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Effects of a peer co-facilitated educational programme for parents of children with ADHD: a feasibility randomised controlled trial protocol
  1. Ingunn Mundal1,2,3,
  2. Rolf W Gråwe1,4,
  3. Hege Hafstad5,
  4. Carlos De las Cuevas6,7,
  5. Mariela Loreto Lara-Cabrera1,8,9
  1. 1Department of Mental Health, Faculty of medicine and health sciences, Norwegian University of Science and Technology (NTNU), Trondheim, Norway
  2. 2Faculty of Health and Social Sciences, Molde University College, Molde, Norway
  3. 3Division of Psychiatry, Kristiansund Community Mental Health Centre, Møre og Romsdal Hospital Trust, Kristiansund, Norway
  4. 4Division of Psychiatry, Nidaros Community Mental Health Centre, St Olav's University Hospital, Trondheim, Norway
  5. 5Division of Mid-Norway, Vårres Regional User Involvement Centre, Trondheim, Norway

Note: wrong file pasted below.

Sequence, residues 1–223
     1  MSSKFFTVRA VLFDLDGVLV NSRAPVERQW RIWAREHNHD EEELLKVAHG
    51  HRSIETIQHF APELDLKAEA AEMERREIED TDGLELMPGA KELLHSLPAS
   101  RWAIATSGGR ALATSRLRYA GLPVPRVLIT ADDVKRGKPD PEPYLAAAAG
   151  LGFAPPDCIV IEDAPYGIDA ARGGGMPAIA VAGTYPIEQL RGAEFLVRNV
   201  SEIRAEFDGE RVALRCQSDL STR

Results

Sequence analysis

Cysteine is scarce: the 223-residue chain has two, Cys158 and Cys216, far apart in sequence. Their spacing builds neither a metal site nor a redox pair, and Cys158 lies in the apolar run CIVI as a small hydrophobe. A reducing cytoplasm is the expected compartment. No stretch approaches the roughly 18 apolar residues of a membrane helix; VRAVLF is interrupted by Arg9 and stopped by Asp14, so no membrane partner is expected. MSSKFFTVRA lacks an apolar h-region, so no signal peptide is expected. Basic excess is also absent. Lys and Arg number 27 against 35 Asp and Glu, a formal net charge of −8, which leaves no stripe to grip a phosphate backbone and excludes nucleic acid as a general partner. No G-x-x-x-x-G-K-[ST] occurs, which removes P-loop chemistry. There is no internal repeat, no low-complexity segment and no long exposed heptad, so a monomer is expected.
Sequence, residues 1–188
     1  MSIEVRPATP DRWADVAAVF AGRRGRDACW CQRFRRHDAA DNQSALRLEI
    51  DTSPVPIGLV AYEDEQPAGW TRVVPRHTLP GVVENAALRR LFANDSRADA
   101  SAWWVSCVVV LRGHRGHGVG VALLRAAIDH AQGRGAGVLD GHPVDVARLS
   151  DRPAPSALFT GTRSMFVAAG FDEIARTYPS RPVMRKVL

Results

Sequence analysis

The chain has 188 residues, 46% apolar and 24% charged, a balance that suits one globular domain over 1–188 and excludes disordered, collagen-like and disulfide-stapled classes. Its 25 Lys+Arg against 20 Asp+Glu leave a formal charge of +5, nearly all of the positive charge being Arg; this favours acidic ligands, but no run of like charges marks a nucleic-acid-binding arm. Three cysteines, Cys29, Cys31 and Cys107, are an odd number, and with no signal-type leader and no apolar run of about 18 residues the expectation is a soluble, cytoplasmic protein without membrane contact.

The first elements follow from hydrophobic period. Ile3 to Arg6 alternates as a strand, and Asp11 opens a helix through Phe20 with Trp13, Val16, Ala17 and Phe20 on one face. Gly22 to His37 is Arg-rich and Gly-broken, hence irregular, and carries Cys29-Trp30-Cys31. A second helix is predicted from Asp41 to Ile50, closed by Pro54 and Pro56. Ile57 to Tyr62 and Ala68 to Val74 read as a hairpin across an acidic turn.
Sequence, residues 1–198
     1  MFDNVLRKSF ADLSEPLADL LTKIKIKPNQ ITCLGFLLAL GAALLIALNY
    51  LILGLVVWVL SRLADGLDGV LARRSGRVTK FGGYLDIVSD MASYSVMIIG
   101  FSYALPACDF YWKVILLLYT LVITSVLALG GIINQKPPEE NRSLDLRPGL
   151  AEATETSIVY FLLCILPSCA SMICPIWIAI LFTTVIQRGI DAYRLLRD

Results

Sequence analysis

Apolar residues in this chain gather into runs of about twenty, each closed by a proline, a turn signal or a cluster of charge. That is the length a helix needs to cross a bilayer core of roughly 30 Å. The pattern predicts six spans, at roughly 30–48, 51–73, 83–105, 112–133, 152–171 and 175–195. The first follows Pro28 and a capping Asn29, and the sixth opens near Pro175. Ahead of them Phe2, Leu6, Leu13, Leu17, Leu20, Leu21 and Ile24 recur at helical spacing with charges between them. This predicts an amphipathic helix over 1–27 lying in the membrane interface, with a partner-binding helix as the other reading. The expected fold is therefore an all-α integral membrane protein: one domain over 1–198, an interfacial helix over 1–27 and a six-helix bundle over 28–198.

6. 6Department of Internal Medicine, Dermatology and Psychiatry, Universidad de La Laguna, San Cristóbal de La Laguna, Tenerife, Spain
  7. 7Instituto Universitario de Neurociencia (IUNE), Universidad de La Laguna, San Cristóbal deLa Laguna, Tenerife, Spain
  8. 8Division of Psychiatry, Tiller Community Mental Health Centre, St Olav's University Hospital, Trondheim, Norway
  9. 9Department of Research and Development, Division of Mental Health, St Olav’s University Hospital, Trondheim, Norway
  1. Correspondence to Dr Ingunn Mundal; ingunn.p.mundal{at}ntnu.no

Abstract

Introduction Significant numbers of children with attention deficit hyperactivity disorder (ADHD) display problems that cause multiple disabilities, deficits and handicaps that interfere with social relationships, development and school achievement. They may have multiple problems, which strain family dynamics and influence the child’s treatment. Parent activation, described as parents’ knowledge, skills and confidence in dealing with their child’s health and healthcare, has been shown to be an important factor in improving health outcomes. Research suggests that parents need edification to learn skills crucial to the treatment and management of their children’s healthcare. Promoting positive parenting techniques may reduce negative parenting factors in families. This study aims to assess the acceptability, feasibility and estimated sample size of a randomised controlled trial (RCT) comparing an ADHD peer co-led educational programme added to treatment as usual (TAU).